These hands have cradled a growing womb, caressing and loving children that were loved profoundly from the moment their existence was known.  They have tapped back at kicking limbs and pushed back on rolling turns as a growing child sought comfort in confined spaces.

These hands have changed diapers that painted on canvases of infant backs and ruined onesies with mustard consistency.  They have caught vomit before the projectile ruined furniture. They have burped babies that couldn’t do it on their own with a spit up payment of spoiled milk.  They have spoon fed baby food and fought exploring tongues that pushed their food out instead of helping them swallow it down.  These hands have cooled burning flesh in cooled bath water while being covered in the smell of sickness breathed out by weak children like dragon’s fire.

These hands have held children close to my heart, in unconditional love and loving abandon.  They have rocked them to sleep and brushed their hair with gentle back scratches.  They have held open books as voices were changed between characters.  They have held little hands and taught them how to knead dough that’s baked into the sweet aromas of yeast and sugar.  They have taken pictures of children singing and laughing and learning through exploration.  They have felt the soft and tender flesh of a newborn.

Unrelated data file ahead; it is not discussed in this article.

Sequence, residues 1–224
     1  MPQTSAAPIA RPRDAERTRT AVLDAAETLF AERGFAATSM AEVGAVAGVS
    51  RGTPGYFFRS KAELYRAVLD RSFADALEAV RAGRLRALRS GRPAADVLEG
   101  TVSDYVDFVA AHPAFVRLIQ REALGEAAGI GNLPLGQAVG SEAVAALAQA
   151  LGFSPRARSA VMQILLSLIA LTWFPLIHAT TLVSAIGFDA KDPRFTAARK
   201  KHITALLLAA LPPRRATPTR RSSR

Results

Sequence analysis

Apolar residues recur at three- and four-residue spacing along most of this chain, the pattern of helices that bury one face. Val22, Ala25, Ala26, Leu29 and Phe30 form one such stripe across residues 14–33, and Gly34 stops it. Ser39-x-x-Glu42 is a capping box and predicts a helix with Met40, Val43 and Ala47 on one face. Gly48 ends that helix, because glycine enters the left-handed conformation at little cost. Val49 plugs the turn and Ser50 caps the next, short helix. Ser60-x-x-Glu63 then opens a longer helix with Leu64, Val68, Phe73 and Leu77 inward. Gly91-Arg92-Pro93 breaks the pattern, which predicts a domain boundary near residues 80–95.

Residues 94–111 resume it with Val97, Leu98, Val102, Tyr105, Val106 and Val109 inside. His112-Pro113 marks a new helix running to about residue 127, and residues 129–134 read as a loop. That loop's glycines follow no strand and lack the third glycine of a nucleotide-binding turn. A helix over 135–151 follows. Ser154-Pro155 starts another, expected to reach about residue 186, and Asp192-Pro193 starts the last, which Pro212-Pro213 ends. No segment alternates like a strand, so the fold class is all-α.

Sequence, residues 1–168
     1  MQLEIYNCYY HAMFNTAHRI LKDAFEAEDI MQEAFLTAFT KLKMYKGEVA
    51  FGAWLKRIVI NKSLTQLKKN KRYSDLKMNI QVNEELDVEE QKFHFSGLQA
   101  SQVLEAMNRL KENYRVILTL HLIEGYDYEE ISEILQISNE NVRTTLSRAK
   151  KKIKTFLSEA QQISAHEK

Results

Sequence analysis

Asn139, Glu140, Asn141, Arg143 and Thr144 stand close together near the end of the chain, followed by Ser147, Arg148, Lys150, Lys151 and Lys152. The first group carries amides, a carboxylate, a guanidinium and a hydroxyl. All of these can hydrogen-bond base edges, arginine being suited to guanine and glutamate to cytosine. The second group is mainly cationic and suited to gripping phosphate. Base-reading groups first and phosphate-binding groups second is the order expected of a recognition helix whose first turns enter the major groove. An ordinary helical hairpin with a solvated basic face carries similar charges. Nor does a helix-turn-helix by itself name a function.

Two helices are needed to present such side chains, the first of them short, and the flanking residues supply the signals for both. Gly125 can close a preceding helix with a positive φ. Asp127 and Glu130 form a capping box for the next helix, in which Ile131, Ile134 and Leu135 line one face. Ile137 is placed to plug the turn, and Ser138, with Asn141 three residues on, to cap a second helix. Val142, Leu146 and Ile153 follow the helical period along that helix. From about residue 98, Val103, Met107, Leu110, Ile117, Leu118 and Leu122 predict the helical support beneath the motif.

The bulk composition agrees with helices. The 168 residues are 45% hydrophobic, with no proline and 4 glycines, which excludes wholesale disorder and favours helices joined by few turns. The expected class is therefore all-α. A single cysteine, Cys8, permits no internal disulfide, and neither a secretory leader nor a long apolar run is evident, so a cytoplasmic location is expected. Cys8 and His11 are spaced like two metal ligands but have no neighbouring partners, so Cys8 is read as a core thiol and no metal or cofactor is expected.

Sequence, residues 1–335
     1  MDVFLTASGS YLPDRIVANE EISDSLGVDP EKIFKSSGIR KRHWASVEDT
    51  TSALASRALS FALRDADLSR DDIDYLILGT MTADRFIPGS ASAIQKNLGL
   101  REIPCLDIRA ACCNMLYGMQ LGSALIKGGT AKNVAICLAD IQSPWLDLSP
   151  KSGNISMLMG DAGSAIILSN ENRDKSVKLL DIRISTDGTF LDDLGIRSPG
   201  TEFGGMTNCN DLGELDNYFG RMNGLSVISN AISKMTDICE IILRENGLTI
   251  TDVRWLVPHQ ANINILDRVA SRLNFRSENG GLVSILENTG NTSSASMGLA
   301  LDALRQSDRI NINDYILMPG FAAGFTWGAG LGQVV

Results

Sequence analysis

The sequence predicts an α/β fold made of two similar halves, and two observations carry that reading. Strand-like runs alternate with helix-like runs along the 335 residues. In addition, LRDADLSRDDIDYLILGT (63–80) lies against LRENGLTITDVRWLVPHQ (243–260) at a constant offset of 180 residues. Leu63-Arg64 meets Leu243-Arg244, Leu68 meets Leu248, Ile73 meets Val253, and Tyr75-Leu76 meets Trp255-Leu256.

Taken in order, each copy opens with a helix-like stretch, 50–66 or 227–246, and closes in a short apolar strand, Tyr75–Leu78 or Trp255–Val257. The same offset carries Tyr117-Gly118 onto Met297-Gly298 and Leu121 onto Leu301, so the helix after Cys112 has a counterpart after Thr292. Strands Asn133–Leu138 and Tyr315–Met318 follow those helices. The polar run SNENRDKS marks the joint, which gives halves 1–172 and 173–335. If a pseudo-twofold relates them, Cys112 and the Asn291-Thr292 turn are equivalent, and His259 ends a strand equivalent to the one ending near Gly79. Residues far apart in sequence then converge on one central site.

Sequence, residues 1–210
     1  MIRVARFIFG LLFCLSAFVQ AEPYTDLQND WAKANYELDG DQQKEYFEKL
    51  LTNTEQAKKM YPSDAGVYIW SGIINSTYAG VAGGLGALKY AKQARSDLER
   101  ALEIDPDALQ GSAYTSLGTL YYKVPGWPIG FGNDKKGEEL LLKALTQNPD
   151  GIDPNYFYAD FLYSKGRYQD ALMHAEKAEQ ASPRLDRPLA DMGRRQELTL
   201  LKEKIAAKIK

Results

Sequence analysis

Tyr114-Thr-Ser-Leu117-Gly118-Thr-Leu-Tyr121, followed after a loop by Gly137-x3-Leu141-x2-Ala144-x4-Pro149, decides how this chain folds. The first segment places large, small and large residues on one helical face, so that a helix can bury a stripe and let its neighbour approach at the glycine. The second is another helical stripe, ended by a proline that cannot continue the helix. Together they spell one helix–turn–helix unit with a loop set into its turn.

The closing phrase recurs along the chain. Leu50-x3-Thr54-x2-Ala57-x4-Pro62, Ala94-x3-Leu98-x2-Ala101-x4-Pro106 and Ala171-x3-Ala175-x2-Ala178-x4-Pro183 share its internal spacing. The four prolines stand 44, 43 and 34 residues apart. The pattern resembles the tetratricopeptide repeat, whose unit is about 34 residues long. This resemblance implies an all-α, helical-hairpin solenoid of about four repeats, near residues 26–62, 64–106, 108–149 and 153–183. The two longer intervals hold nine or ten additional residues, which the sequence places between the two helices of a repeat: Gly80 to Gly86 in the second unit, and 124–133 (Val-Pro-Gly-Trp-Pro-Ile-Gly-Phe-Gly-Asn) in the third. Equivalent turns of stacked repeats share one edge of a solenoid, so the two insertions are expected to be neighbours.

These hands have written love letters and careful explications.  They have used pen and pencil, keyboards, and crayons to tell the secrets of my heart.  They have erased and backspaced and scrapped the old to make room for something new.  They have filled out applications and completed documentation because autism moms have to paper tiger through life.

These hands have held other hands.  They have found solace in connection and traced the lines of faces meant to be memorized visually, and tactilely.  They have rested on firm chests with racing hearts.  They have tickled and teased through hair and on dampened skin, sticky with the wonders of a life in motion.  They have felt the sensations of pleasure I’ve known in the touch of another and they have granted sensory joy in careful exploration.